It was remarkably accurate as Bill McKibben notes and it’s conclusion puts us exactly where we are today, facing increasing frequent climate related societal breakdowns that may soon become generalised.

McKibben also notes that Ursula von der Leyen directly referenced to The Meadows Report at her opening speech in Brussels: “Our predecessors”, she had said, “chose to stick to the old shores and not lose sight of them. They did not change their growth paradigm but relied on oil. And the following generations have paid the price.”

The Report, however, was ignored by the socialist left, with a few exceptions. Tony Benn’s Alternative Economic Strategy of the 1980s, for example, made ever-faster economic growth its key demand. No wonder the trade unions and the Labour Party remain dominated by growth productivism today because they have never been challenged by the left.

William Morris – the outstanding environmentalist in the 19th century – had also gone unheeded when he raged against useless and unnecessary production. In his lecture “How We Live and How We Might Live”, delivered in December 1884 in Hammersmith – he raised the issue of how to live dignified and fulfilling lives without the need for mass produced commodities and consumerism, and what kind of future society could best provide such an approach.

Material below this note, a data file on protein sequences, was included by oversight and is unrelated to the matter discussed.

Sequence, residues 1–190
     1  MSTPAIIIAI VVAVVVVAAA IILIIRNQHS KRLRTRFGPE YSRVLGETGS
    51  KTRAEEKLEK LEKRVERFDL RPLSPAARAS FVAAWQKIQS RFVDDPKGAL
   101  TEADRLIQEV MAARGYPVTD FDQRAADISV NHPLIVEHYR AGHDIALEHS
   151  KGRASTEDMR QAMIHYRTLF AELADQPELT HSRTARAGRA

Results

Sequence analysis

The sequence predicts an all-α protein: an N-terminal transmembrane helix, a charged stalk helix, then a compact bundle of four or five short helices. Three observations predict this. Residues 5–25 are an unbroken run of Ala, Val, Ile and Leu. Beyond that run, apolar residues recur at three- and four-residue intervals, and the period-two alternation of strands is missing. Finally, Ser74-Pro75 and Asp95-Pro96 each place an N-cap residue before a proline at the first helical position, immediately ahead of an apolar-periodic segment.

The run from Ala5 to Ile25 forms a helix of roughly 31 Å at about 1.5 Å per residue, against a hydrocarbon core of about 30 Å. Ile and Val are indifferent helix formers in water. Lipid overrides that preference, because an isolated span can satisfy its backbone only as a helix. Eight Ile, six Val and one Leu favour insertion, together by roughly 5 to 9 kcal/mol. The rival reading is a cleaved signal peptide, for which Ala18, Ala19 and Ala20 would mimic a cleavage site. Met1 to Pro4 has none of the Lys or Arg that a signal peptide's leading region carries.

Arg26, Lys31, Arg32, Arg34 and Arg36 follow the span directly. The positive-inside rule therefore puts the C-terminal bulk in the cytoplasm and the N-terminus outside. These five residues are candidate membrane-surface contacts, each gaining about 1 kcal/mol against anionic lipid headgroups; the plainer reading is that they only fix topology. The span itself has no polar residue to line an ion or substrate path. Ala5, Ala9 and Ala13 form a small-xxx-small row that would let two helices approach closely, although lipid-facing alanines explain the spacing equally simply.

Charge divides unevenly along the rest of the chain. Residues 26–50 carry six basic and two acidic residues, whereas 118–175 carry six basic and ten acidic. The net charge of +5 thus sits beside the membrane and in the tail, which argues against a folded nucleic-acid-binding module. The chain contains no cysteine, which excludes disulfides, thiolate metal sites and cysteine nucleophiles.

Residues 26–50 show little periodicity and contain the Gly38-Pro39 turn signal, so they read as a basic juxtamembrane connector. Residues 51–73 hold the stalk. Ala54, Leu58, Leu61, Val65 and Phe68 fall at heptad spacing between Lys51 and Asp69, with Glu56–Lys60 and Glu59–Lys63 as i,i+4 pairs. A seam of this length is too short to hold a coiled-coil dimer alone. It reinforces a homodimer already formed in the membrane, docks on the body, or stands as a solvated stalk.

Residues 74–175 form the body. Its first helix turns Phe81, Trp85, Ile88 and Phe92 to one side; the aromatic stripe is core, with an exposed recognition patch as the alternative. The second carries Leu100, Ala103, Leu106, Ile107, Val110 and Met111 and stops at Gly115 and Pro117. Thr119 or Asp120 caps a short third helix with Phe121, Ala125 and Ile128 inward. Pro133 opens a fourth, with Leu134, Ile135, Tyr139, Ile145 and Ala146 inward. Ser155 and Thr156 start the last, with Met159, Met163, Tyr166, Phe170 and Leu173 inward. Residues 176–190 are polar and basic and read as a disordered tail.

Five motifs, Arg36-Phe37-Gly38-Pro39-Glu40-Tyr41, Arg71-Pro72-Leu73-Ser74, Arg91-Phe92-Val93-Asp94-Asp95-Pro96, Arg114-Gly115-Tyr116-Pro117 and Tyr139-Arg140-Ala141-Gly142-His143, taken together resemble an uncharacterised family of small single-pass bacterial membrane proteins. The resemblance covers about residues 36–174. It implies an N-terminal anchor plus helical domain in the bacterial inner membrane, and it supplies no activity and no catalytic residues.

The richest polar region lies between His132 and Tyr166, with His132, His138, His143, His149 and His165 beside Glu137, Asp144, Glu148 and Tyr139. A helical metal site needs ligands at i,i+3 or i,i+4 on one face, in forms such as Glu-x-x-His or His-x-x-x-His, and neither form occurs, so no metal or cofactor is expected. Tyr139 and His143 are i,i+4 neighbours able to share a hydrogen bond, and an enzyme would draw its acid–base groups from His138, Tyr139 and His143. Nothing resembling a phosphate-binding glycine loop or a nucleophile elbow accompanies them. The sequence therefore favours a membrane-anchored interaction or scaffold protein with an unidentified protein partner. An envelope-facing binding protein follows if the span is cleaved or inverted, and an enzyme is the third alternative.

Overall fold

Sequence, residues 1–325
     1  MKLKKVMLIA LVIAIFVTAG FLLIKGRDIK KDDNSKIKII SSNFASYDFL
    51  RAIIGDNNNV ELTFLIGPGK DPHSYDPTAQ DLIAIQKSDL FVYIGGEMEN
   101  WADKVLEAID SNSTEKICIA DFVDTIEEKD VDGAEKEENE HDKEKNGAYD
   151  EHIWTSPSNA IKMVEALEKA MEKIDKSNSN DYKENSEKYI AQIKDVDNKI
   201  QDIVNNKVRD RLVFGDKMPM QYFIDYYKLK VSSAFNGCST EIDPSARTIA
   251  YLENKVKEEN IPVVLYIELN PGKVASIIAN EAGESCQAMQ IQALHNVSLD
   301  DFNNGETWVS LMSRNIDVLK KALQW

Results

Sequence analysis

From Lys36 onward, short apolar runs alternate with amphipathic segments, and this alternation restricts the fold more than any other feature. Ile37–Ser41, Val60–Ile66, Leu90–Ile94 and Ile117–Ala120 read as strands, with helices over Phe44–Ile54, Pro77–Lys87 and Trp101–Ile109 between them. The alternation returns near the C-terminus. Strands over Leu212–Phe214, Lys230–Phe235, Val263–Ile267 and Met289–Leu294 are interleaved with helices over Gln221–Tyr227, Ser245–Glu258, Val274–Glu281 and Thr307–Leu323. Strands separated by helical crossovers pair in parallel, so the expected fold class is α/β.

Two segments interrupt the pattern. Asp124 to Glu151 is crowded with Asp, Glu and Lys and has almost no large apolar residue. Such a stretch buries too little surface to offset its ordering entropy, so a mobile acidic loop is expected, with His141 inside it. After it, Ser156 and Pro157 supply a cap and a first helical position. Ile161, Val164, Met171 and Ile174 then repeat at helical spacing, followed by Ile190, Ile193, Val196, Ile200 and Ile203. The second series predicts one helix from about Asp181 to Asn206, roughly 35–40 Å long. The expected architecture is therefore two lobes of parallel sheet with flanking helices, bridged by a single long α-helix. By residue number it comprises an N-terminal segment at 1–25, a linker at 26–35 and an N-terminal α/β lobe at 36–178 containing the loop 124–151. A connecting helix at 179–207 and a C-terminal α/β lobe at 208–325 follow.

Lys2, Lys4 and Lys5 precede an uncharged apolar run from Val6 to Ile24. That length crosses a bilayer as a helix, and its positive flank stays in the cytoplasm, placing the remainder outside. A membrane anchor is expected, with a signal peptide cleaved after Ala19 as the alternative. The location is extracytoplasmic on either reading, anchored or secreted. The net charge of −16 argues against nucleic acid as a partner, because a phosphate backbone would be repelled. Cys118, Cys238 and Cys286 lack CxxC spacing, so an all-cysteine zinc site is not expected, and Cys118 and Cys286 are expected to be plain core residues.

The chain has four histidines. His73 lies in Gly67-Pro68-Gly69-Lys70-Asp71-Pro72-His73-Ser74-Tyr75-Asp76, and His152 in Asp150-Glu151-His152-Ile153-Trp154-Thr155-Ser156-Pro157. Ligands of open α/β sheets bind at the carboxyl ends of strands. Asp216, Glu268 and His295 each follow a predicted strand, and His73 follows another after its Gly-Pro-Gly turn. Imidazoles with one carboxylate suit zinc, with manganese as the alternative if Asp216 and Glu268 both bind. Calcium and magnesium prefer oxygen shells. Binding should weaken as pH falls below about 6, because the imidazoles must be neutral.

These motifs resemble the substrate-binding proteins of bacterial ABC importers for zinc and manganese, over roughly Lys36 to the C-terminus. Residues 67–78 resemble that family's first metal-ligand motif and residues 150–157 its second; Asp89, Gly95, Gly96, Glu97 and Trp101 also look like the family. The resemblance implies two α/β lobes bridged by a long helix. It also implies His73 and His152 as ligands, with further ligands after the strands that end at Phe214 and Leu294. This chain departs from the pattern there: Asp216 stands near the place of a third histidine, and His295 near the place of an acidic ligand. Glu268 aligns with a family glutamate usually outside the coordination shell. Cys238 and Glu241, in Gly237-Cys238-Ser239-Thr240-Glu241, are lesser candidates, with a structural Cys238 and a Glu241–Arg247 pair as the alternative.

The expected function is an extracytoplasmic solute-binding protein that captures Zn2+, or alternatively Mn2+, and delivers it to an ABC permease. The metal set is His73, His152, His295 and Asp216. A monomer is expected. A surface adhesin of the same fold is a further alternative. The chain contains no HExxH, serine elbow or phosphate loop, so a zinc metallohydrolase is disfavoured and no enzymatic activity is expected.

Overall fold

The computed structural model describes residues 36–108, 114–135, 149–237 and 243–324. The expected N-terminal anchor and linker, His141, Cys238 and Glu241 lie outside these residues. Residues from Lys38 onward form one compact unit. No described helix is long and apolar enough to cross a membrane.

What degrowth offers is a planned reduction of economic activity, within a different economic paradigm, and first and foremost in the rich countries of the Global North. Giorgos Kallis puts it this way in The Case for Degrowth (page viii): “The goal of degrowth is to purposefully slow things down in order to minimise harm to human beings and earth systems”.

Jason Hickel in Less in More (page 29) –– tells us that degrowth is: “a planned reduction of excess energy and resource use in order to bring the economy back into balance with the living world in a safe and equitable way”.

The adoption of such an approach will need a mass movement involving everyone who is prepared to fight to save the planet on a progressive basis, including environmental movements, Indigenous movements, peasant movements, farmers movement as well as trade unions and progressive political parties. It must demand that the big polluters pay for the damage they have done. This means heavily taxing fossil fuels in order to both cut emissions and to ensure that the polluters fund the transition to renewables as a part of an exit strategy from fossil fuel that redistributes wealth from the rich to the poor, and is capable of commanding popular support.

Such an approach must be the cornerstone of ecosocialism and an ecosocialist strategy designed to save the planet from ecological destruction and create a post-capitalist, ecologically sustainable, society for the future.

This article was written for the current edition of the Green Left’s publication Watermelon in advance of the Green Party conference. September 2023